Since we have the technology now to be in constant contact, learning opportunities are lost every day.  If your teenager didn’t have a cell phone to call you at the first sign of trouble, she would have to work out the problem herself, seeking help only when necessary.  When most of my exhaust system hit the pavement of the Staten Island Expressway at 2 a.m., of course I called my father to bail me out.  But without a cell phone, in the ten or fifteen minutes it took me to call home, I had a learning experience.  I had to think about what I had learned in Driver’s Ed — hazard lights on, find the next exit, drive slowly, look for lights, find a phone. I had to deal with the worry and stress.  I had to suck it up until Daddy could come and save me with a wire hanger.  Don’t doubt that on that night I learned that I could avert a crisis, be resourceful in finding a place to make a call, remain aware enough to give my father directions to find me, choose a place that appeared safe so I could wait for him without much risk, the list goes on.  Simply being of a generation that bought our own cars, usually older ones with quirks and problems, as well as rear-wheel drive and no anti-lock brakes or airbags, helped us become better drivers.  I learned how to use a pencil to open the choke and start my engine so it wouldn’t flood.  I learned the patience of waiting for a car to warm up before driving away.  I learned what to do when I developed a gas leak and the car simply stopped.  And I learned these things because I was given the space to learn these things.

This is not to say that I was neglected or deprived.  It is hard for an only child to be either.  If I needed a new winter coat, of course my mother took me shopping for one.  My parents bought me subway tokens when they bought their own and they threw a few dollars my way each week for expenses.  But all the money I left at the record stores or buying tickets to rock concerts came from babysitting, from part-time jobs and birthday money.  I was luckier than some in that I didn’t have to pay completely for my education.  But most of us had no expectations that whatever our parents were paying for college was unlimited and that we could spend five or six years goofing off and finding ourselves while our parents paid the bill.  There were expectations put on us. Maybe that was because, for many of us, we were the first to go to college and we were representing our family.  Maybe it was because we had been held to high expectations all along, taught to take responsibility and accept consequences when they were handed out.  I don’t really know the reasons, but what I know is the kids I see in my office are very unlike the students of only twenty-five years ago.  We weren’t smarter, but somehow we were older.

I am not suggesting that we go back to a time before bicycle helmets and seat belts or that you should let your children hang around crack houses or play with matches.  What I am saying, though, is what so many of the colleges are saying.  Let your kids get a few knocks before they go off on their own.  Let them solve some of their own problems.  Don’t answer the cell phone immediately.  Let them feel the sting of consequences − better to be handed out by you than by the police.  Let them pay for something.  I fully believe that if a parent has the means to pay for college, then he should, but there’s nothing wrong with a young adult paying some of his own expenses, or only getting tuition covered if the grades are good.  Let your kid find her way home for a holiday weekend visit.  When did it become necessary to drive hours to pick up an adult who could just as easily take a train or bus?  You would be doing your kids a favor because eventually they will have to navigate the world on their own, and they are not going to be coddled.  I have the opportunity to talk to some of your kids when they do accomplish something on their own and they are very proud of themselves. I cheer them on as well.  Last week a tenth grader told me how she and her friends went down the wrong subway stairs and had to ask another passenger how to find the uptown trains.  They took the train one stop and crossed over.  One college student recently got lost and learned the limitations of her GPS (another ridiculous crutch, at least as it’s used by so many).  I’m not saying these events aren’t anxiety-provoking; they are.  And that’s the point.  They are stressful and the kids lived.  And next time they will hopefully take their lessons to the next situation.  Maybe more carefully reading a sign, or being more certain of directions rather than counting on an electronic device to get you there.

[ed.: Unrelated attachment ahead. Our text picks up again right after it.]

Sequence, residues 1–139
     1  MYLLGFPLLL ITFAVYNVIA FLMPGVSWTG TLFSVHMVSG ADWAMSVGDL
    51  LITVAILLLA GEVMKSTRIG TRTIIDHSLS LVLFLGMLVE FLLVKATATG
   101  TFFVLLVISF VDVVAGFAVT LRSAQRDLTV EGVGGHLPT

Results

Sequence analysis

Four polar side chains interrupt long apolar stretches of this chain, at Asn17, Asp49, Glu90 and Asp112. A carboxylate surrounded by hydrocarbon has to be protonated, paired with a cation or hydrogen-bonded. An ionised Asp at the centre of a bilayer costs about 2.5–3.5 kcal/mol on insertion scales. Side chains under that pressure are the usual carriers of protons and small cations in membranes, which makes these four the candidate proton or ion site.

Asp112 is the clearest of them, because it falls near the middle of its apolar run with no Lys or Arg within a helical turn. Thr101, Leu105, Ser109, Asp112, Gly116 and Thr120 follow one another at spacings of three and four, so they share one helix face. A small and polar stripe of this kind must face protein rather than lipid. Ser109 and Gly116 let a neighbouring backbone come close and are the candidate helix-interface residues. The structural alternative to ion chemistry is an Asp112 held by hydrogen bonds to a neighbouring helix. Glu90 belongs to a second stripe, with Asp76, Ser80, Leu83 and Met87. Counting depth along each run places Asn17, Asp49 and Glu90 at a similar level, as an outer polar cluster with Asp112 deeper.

Letting go a little doesn’t mean going back to a time before safety features or being an absent parent.  To go back to the barn example, when you want a horse to do what you want, you have to let up a little on the reins.  You have to let there be a little slack, while there’s still control.  The time to give up some of that control is NOT the day your kid goes off to college; it’s in the years leading up to it − in the skinned knees, the fights with friends, the poor grades, the wrong turns, the flat tire.  Yes, even the exhaust system of a 1976 Firebird dragging on the highway. A good parent gets the kids ready for the real world. And guess what? The real world is not as dangerous as everyone makes it out to be.  And if it turns out that it is, well, we better get these kids ready to face it, skinned knees and all.

Barbara Kapetanakes, PsyD., practices child, adult, and family psychotherapy in Sleepy Hollow.